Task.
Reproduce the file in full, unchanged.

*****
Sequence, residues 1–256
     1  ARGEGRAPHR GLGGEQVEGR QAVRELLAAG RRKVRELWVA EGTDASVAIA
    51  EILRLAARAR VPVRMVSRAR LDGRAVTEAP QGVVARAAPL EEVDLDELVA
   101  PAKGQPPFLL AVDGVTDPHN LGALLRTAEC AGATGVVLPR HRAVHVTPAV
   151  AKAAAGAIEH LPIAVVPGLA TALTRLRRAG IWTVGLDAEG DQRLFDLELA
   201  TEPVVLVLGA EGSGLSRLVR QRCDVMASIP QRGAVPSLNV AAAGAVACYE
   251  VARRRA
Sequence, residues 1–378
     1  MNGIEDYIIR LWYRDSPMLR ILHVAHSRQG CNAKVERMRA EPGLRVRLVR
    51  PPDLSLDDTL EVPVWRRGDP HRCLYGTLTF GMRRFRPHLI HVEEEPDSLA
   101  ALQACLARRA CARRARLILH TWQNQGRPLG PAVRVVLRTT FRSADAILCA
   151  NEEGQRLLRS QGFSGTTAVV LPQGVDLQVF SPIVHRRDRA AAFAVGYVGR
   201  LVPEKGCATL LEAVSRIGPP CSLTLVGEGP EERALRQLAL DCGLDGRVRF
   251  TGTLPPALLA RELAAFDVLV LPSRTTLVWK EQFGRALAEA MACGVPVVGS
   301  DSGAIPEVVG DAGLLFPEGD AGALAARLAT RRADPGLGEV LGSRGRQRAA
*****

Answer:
Sequence, residues 1–256
     1  ARGEGRAPHR GLGGEQVEGR QAVRELLAAG RRKVRELWVA EGTDASVAIA
    51  EILRLAARAR VPVRMVSRAR LDGRAVTEAP QGVVARAAPL EEVDLDELVA
   101  PAKGQPPFLL AVDGVTDPHN LGALLRTAEC AGATGVVLPR HRAVHVTPAV
   151  AKAAAGAIEH LPIAVVPGLA TALTRLRRAG IWTVGLDAEG DQRLFDLELA
   201  TEPVVLVLGA EGSGLSRLVR QRCDVMASIP QRGAVPSLNV AAAGAVACYE
   251  VARRRA
Sequence, residues 1–378
     1  MNGIEDYIIR LWYRDSPMLR ILHVAHSRQG CNAKVERMRA EPGLRVRLVR
    51  PPDLSLDDTL EVPVWRRGDP HRCLYGTLTF GMRRFRPHLI HVEEEPDSLA
   101  ALQACLARRA CARRARLILH TWQNQGRPLG PAVRVVLRTT FRSADAILCA
   151  NEEGQRLLRS QGFSGTTAVV LPQGVDLQVF SPIVHRRDRA AAFAVGYVGR
   201  LVPEKGCATL LEAVSRIGPP CSLTLVGEGP EERALRQLAL DCGLDGRVRF
   251  TGTLPPALLA RELAAFDVLV LPSRTTLVWK EQFGRALAEA MACGVPVVGS
   301  DSGAIPEVVG DAGLLFPEGD AGALAARLAT RRADPGLGEV LGSRGRQRAA